Your Friday Megalinks

Here we go with the Friday megalinks. Of course, there’s the Weekend Viewing Picks which contain the sports viewing for the weekend. Let’s do the links.


USA Today’s Michael Hiestand and Mike McCarthy debate on whether to move up the start of the World Series considering National League Champions Philadelphia Phillies have to wait for a week to play.

ESPN Ombudsman Don Ohlmeyer talks about too much talking, too many errors and scheduling dilemmas at the Alleged Worldwide Leader.

In today’s Sports Business Daily, John Ourand writes about the dispute between Dish Network and two FSN regional sports networks regarding NHL games.

Terry Lefton of the SBD speaks with an NFL official about the league’s international efforts.

CNBC’s Darren Rovell looks at how Michael Vick is doing in the NFL to date.

The Big Lead explores the latest developments in the Steve Phillips affair.

Robert Littal in Black Sports Online tries to determine a winner in the Deadspin vs. ESPN fight.

Ed Berliner is critical of the media for reporting the Steve Phillips affair.

Jason Whitlock in has a whimsical look at Steve Phillips and other affairs that have brought down men in sports.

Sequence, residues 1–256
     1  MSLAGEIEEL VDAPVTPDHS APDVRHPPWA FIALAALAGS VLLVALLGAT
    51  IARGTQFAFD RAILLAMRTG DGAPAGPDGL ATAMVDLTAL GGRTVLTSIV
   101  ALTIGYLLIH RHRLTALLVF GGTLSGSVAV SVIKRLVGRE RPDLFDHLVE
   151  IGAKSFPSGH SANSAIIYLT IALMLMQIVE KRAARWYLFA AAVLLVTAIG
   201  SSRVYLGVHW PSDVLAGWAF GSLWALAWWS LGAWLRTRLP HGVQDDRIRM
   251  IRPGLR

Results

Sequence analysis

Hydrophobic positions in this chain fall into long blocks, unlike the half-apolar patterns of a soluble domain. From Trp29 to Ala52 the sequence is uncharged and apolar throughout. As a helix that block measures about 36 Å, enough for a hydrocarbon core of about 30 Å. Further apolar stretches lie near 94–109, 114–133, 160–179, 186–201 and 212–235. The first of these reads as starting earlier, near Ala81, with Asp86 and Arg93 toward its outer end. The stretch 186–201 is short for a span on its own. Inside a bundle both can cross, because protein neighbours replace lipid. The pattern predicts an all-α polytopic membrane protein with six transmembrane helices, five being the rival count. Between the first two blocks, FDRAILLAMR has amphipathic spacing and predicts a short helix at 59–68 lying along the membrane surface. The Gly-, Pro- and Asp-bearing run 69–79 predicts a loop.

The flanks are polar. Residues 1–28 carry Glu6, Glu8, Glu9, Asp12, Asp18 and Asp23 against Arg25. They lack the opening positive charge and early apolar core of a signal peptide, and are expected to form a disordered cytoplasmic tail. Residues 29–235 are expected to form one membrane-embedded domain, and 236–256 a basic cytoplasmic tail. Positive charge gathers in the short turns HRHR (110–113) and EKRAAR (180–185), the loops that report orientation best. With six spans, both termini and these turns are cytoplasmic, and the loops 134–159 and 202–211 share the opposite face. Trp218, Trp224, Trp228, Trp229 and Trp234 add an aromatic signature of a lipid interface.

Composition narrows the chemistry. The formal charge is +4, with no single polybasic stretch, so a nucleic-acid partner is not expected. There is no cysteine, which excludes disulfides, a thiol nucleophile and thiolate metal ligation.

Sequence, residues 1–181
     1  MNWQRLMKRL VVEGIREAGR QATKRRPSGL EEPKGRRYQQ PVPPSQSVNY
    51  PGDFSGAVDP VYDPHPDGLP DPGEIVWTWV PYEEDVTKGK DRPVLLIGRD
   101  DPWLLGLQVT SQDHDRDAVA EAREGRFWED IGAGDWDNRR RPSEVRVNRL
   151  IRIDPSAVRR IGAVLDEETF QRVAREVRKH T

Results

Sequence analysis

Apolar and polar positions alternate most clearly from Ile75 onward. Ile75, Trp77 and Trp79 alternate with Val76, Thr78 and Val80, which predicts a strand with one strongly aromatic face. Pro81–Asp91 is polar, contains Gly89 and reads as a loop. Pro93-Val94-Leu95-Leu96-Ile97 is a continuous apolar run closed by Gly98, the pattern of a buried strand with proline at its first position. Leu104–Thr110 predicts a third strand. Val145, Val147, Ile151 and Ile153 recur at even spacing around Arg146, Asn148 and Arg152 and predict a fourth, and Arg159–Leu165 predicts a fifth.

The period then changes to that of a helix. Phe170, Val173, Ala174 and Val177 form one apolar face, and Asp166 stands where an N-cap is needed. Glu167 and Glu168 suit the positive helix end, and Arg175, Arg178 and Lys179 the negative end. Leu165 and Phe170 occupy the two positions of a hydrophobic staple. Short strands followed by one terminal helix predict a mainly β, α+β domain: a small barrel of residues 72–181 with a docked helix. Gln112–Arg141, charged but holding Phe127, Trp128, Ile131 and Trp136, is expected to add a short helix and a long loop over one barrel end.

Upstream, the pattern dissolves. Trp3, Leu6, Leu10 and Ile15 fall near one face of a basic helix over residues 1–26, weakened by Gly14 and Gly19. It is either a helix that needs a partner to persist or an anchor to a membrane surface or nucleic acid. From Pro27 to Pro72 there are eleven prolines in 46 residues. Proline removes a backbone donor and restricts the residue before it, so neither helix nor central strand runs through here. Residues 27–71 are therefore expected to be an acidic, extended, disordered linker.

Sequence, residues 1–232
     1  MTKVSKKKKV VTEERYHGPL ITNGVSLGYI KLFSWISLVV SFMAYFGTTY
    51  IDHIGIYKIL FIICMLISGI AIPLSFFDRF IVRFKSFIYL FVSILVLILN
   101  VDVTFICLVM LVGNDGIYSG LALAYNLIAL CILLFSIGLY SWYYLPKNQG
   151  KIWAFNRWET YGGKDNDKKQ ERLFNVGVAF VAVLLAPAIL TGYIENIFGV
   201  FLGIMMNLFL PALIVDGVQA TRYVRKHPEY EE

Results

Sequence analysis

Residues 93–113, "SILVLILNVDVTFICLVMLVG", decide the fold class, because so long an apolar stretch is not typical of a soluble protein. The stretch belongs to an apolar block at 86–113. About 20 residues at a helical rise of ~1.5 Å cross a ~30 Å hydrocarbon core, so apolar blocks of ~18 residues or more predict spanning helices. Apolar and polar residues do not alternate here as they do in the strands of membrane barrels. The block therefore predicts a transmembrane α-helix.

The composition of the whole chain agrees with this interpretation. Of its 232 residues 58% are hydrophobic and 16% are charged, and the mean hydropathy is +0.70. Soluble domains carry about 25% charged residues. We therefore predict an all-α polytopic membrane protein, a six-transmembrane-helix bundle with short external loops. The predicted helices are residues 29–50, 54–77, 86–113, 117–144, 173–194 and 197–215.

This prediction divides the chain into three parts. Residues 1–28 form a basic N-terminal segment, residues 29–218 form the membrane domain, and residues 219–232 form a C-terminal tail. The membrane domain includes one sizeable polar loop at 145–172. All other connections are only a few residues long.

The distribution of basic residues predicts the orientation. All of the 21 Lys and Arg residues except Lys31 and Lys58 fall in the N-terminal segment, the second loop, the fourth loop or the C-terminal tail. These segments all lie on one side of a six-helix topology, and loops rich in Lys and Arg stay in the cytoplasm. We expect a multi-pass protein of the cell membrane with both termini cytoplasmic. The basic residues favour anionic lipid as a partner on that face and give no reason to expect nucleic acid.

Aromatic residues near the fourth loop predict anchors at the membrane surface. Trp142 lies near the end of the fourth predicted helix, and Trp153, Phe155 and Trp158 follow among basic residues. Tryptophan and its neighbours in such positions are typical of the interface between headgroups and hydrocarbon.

Dan Levy of On The DL speaks with Deadspin editor A.J. Daulerio about his acting out against ESPN on Wednesday.

Speaking of Deadspin, the site has a good story from Dashiell Bennett exposing a group trying to out an anti-cable TV lobbying group as one being backed by… cable TV.

SportsbyBrooks has an interesting take on why Deadspin felt the need to take on ESPN.

The Sports Media Watch says NASCAR continues its ratings downfall.

SMW says the NLCS ended on a high note for TBS.

And SMW notes that Fox got good ratings for Game 5 of the ALCS.

Steve Lepore of Puck The Media says NHL Network will begin airing a new pregame show starting Monday.

Mike Reynolds of Multichannel News says Tennis Channel has a new host for its original “Destination Tennis” show.

HHR Media has round 5 of blog recaps of Blogs with Balls 2.0 in Las Vegas.

East and Mid-Atlantic

Chad Finn of the Boston Globe also talks with Deadspin’s Daulerio about pushing the envelope in the wake of the Steve Phillips affair.

Kristine Leahy of has The Five.